Set in the near future, Paula, a leftist writer, goes from Paris to the French town of Atlantic-Cité when she learns of the death of a former colleague and lover, Richard P. Is she there to... See full summary »
Set in the near future, Paula, a leftist writer, goes from Paris to the French town of Atlantic-Cité when she learns of the death of a former colleague and lover, Richard P. Is she there to investigate? On the surface, faces are beautiful, colors bright, clothes trendy. Beneath, little is clear: some talk to Paula as if she's Alice in Wonderland, corpses pile up, and ideological struggles insert themselves. A murder victim's nephew and a political party's hired hands hover around Paula. Is obscuring things her goal or is it life that's obscure? Written by
Though based on "The Jugger" by Richard Stark (Donald E. Westlake), the author received no compensation for this adaptation. Westlake, who passed away at the end of 2008, successfully kept the film from being shown in the US during his lifetime. See more »
A remake of the Big Sleep as only the "Girl and a Gun" man can do it
It's probably a given to note one of Jean-Luc Godard's notorious Godard-isms, likely the one that everyone knows even if they haven't seen a Godard picture: All you need to make a movie is a girl and a gun. While this is a pointed reference to the simplicity possible and/or inherent in the gangster picture or noir, and about how inexpensiveness should be taken usually into consideration. But at the same time, I think a picture like Made in USA or even something like Band of Outsiders or Vivre sa vie emphasizes that Godard was really the one to go for this in the only way that he could: all Godard needed to make a movie was a girl (his girl, pre Masculin Feminin which was immediately after Made in USA, Anna Karina), a gun (or sometimes more than one), and Jean-Luc Godard. Because, really, a girl and a gun is fine, but in the 1960s, with this man at the helm, it was just a little bit more.
Called by the director himself as a "remake" of the Big Sleep, which perhaps makes the best sense of all, this was the hardest to find of the French New Wave wild-man-poet-anarchist's films not just with Anna Karina but in the 60s in general (pre-Criterion). Interesting, since this is, to my somewhat biased estimation (biased in that this was, to me, his absolute prime period before his very hit or miss period in the decades to follow), one of his most entertaining "B-movie" movies about movies. And not just about movies, but also about living with oneself, the politics of France, Walt Disney, and things pop culture flavored all around. This is another in a line of pictures Godard made that was very anti-capitalist while at the same time embracing to an extent (if only ironically) the images and names and attitudes of American pictures and pulp fiction and comic books and other things. There's such an array of references that at the theater I saw this film at, the Film Forum in NYC, they had to put up a glossary-key to fill people in.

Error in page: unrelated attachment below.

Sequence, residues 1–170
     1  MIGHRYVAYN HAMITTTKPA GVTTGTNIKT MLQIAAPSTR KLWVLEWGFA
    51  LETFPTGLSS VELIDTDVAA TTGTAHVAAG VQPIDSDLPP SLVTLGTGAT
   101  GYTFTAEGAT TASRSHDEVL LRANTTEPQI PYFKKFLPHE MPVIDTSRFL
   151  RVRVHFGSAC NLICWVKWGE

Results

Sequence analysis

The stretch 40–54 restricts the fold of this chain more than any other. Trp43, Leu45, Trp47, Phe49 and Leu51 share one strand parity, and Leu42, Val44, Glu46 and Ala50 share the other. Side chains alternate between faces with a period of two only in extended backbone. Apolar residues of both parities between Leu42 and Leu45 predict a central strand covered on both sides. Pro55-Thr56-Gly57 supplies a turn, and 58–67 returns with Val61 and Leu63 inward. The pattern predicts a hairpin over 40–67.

And as much as it's a love letter to wild quips, eccentric characters, guys in trench-coats and hats, Nick Ray and Sam Fuller (especially them as providing Godard's "love of sound and image" as noted at the start), bright colors filmed in wonderful Technicolor, stretches of time filled on a tape recorder about French politics, and to the dark and warmth of American B-movies, it's also a fine goodbye to Anna Karina. Here, as pretty and tough and contemplative as ever, going through some classic Godard scenes like when she and the detective who may have killer her character's lover explain to the camera what they are saying in a scene instead of playing it out, or just lying on the ground in a moment of existential upheaval, Karina shows how good she could actually be. While not her very best- I'd save that for Pierrot le fou and Vivre sa vie- it's a very memorable performance, and one that, like everyone else in Godard's films, knows so well about the performance as she's performing, that the "fiction" itself becomes wrapped around in the very documentary-like act of filming the movie.
And that last part, I think, is the handle for this time period for Godard. What was essential to his craft, when it clicked just right, was that he could master together his love of quotations and pop-culture and movie references on top of a daring and sometimes wacky exploration of reality and fiction. Made in USA us based on a Donald Westlake crime book about a woman looking to find out who killer her man, but in Godard's hands the very act of this plot, joyously convoluted as the best possible homage/remake of Hawks' Big Sleep as could be outside of Coen brothers, is subjugated to scenes where actors talk to the camera about what they would normally just say to each other in a scene, or when they make point of, of course, that it's just a movie. It may be a "B-side" in the Godard 60s cannon as a NY Times review pointed out, but damn it all if it isn't one of the most enjoyable B-sides in all cinema.
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